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ASCII Pronunciation Rules for Programmers


#342

@Michael Zed

Agree, the octothorpe’s origins are cartographic.


#343

Shame on my UK MacBook keyboard that the # is not shown on the 3/ keycap whereas there’s a € on the the 2/@ keycap. On other UK keyboards I like the fact that # gets its own key and one doesn’t have to use a modifier key.


#344

i think what we need to do folks is follow the original names set forth in the ITU document. here it is.

http://www.itu.int/rec/T-REC-T.50-199209-I/en

pages 7-9 have tables with the names associated. i’ve actually printed them out and can’t wait to confuse the hell out of my teammates!

HTTP colon solidus solidus


#345
!*''#
^@`$$-
!*'$_
%*#4
)../
|{~~SYSTEM HALTED

Transliterated:
Waka waka bang splat tick tick hash,
Caret at back-tick dollar dollar dash,
Bang splat tick dollar under-score,
Percent splat waka waka number four,
Ampersand right-paren dot dot slash,
Vertical-bar curly-bracket tilde tilde CRASH.


#346

I see many here reference the ‘#’ (hash) symbol as ‘sharp’. Indeed it has become quite popular to do so it seems every where on the net. Mostly due (I suspect) to the fact that the ‘#’ symbol is easily accessed and the true sharp character is not.

Furthering what Bernhard mentions, that for music and also for .NET (in particular C♯)…

♯ (♯/U+0023) is NOT equal to #!

So it is C♯ (CSharp) not C# (CHash or CNumber Sign).


#347

Consider this: if ‘#’ is an octothorpe, then ‘*’ is a hexathorpe, ‘+’ is a quadrathorpe, and ‘-’ is a duothorpe.

Which leads to the Zen koan - what is a thorpe?


#348

I pronounce most of these “move over for a second”.


#349

Many of these are too contextual (see mightybaldking’s post) to settle for one name, really. It’s different in German, where you usually have the same names regardless of context.

It’s fun dictating PHP; “gleich” being “equals”, “ungleich” being “not equal to”:
$a !== $b && $c === $d
dollar-a ungleichgleich dollar-b andand dollar-c gleichgleichgleich dollar-d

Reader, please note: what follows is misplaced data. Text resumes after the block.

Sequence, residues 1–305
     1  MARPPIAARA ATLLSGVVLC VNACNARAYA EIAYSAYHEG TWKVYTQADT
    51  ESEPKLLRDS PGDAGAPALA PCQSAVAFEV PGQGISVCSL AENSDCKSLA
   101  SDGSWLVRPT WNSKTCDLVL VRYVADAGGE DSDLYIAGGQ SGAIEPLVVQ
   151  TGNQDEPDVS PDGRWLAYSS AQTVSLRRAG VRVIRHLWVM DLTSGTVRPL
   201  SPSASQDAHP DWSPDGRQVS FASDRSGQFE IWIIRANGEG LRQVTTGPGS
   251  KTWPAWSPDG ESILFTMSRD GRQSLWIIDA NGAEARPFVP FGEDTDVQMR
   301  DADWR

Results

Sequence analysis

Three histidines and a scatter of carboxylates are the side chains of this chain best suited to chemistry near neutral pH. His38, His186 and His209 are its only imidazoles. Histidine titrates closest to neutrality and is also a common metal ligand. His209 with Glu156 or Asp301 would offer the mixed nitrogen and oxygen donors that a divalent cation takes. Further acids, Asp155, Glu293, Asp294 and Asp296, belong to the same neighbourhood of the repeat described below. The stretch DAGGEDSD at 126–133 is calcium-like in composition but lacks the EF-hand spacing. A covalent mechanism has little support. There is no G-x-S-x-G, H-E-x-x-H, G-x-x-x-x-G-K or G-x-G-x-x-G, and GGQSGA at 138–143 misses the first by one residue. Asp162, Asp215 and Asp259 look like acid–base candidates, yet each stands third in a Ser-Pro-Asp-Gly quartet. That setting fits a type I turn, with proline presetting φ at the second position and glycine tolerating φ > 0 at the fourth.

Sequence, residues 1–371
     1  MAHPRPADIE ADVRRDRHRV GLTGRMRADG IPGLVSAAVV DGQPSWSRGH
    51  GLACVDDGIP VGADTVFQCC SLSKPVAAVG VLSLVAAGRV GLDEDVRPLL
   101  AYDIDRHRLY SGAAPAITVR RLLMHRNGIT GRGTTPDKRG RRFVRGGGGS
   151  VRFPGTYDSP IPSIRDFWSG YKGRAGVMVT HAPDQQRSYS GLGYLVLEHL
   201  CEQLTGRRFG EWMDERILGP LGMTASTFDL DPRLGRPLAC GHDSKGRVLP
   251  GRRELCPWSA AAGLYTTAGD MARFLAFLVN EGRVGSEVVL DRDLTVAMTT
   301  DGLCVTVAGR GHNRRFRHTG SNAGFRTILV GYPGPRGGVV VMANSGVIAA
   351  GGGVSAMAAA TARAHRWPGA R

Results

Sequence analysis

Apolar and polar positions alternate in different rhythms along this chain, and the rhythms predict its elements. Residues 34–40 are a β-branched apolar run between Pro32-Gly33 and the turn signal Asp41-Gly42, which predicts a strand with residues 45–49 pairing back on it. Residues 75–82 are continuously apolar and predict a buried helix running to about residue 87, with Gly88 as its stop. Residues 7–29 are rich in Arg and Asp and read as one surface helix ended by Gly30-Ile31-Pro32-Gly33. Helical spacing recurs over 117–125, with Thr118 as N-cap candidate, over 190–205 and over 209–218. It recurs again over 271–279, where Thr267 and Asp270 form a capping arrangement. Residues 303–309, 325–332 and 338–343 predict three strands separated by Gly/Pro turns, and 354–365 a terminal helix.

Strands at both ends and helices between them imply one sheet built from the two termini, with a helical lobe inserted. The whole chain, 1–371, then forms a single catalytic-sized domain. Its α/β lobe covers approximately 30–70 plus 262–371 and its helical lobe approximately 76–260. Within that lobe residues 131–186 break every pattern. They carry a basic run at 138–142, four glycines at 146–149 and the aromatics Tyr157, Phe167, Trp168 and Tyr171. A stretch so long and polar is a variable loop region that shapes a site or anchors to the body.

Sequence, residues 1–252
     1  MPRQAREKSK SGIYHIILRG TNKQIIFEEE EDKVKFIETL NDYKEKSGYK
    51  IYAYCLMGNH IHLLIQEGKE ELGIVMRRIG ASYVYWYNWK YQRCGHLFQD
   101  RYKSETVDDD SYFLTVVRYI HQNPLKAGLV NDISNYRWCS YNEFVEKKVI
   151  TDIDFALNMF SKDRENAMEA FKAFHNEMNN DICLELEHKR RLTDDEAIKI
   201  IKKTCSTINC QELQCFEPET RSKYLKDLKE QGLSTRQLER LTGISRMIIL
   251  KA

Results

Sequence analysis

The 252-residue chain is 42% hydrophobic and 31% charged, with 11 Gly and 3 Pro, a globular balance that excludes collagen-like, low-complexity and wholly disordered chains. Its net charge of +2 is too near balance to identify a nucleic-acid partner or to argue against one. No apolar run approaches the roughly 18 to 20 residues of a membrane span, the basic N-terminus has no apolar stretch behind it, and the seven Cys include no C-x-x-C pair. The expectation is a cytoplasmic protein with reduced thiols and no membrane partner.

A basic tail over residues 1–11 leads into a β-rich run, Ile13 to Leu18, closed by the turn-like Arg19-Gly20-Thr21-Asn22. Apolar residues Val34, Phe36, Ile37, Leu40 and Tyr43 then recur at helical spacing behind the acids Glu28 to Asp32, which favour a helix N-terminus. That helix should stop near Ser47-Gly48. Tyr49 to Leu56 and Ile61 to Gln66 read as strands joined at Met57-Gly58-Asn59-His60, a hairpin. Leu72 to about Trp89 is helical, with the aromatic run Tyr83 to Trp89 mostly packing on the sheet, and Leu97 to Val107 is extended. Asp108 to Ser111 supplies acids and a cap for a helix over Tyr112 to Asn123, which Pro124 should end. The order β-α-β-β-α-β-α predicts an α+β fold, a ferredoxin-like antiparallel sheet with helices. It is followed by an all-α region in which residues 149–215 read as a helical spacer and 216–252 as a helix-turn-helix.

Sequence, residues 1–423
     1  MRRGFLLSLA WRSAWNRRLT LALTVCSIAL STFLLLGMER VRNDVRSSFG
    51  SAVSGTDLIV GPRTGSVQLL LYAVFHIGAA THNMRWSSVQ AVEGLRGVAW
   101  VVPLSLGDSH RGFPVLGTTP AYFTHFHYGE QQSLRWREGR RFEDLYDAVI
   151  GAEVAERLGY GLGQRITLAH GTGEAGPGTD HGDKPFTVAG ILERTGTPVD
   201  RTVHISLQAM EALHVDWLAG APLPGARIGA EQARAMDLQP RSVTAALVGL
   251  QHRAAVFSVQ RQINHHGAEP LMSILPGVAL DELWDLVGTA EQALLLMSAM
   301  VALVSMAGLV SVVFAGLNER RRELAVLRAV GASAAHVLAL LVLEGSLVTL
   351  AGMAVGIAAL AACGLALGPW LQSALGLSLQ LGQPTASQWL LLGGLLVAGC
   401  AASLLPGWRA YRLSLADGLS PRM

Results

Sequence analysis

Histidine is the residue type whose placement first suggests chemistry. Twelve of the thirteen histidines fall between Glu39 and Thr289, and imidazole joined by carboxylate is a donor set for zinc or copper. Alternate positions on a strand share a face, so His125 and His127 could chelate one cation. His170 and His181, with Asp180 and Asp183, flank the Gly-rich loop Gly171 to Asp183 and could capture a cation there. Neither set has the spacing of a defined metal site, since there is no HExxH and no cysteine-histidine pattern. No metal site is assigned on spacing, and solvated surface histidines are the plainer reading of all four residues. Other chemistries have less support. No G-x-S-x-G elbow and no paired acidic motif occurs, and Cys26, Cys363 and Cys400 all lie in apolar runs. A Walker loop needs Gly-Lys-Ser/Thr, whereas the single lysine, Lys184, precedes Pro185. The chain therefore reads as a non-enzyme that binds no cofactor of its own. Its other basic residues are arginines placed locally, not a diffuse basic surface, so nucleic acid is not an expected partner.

^ is usually referred to as “Dach” (roof), never had anybody say Zirkumflex, or circumflex in English. Hell, in writing it’s way easier saying “that ^ character”.


#350

$ is pronouned STRING, not Dollar.
The Dollar-sign has 2 lines. STRING comes from the language BASIC and was meant to define String-Variables.

The word “dollar” in a programming-language absolutely makes no sense :slight_smile:


#351

I like “bling” for the $, maybe I’m the only one?


#352
reminds me of < > ! * ' ' # ^ " ` $ $ - ! * = @ $ _ % * < > ~ # 4 & [ ] . . / | { , , SYSTEM HALTED ...or if pronounced aloud, < > ! * ' ' # Waka waka bang splat tick tick hash, ^ " ` $ $ - Caret quote back-tick dollar dollar dash, ! * = @ $ _ Bang splat equal at dollar under-score, % * < > ~ # 4 Percent splat waka waka tilde number four, & [ ] . . / Ampersand bracket bracket dot dot slash, | { , , SYSTEM HALTED Vertical-bar curly-bracket comma comma CRASH.

#353

…stupid formatting

reminds me of

< > ! * ’ ’ #

^ " $ $ -<br /> ! * = @ $ _ <br /> % * < > ~ # 4<br /> & [ ] . . /<br /> | { , , SYSTEM HALTED<br /> ...or if pronounced aloud,<br /> < > ! * ' ' # <br /> Waka waka bang splat tick tick hash, <br /> ^ " $ $ -

Caret quote back-tick dollar dollar dash,

! * = @ $ _

Bang splat equal at dollar under-score,

% * < > ~ # 4

Percent splat waka waka tilde number four,

& [ ] . . /

Ampersand bracket bracket dot dot slash,

| { , , SYSTEM HALTED

Vertical-bar curly-bracket comma comma CRASH.


#354

Whoa you forgot the ‘She’ pronunciation for ‘#’ because otherwise how else would you say ‘Shebang bin bash’. Shebang baby! http://en.wikipedia.org/wiki/Shebang_(Unix)


#355

Some polish pronunciations:

( = left banana

) = right banana


#356

There’s another meta-verbal notation that I learned in a shop where we were using VMS, LISPMs, PCs, and Unixen, and it was to use the word “down” in place of whatever the particular operating system in question used as a directory name separator. This made it unnecessary to remember the name of the slash/backslash/./… used to otherwise refer to directory nesting.

E.g.

  • [foo.bar.baz] - "root foo down bar down baz"
  • /foo/bar/baz - "root foo down bar down baz"
  • \foo\bar/baz - repeat ad nauseam

  • #357

    When I forget the word “tilde”, I call the ~ simply “wave” :slight_smile:


    #358

    Surprises I did not see “fuzzy” as an alternate term for asterisk…I think I first used fuzzy before even knowing what an asterisk was


    #359

    Surprised*


    #360

    What do Americans call the UK Pound sign (£)?


    #361

    +1 to Dan for mentioning ‘ampersat’ - it’s much more elegant than ‘at symbol’.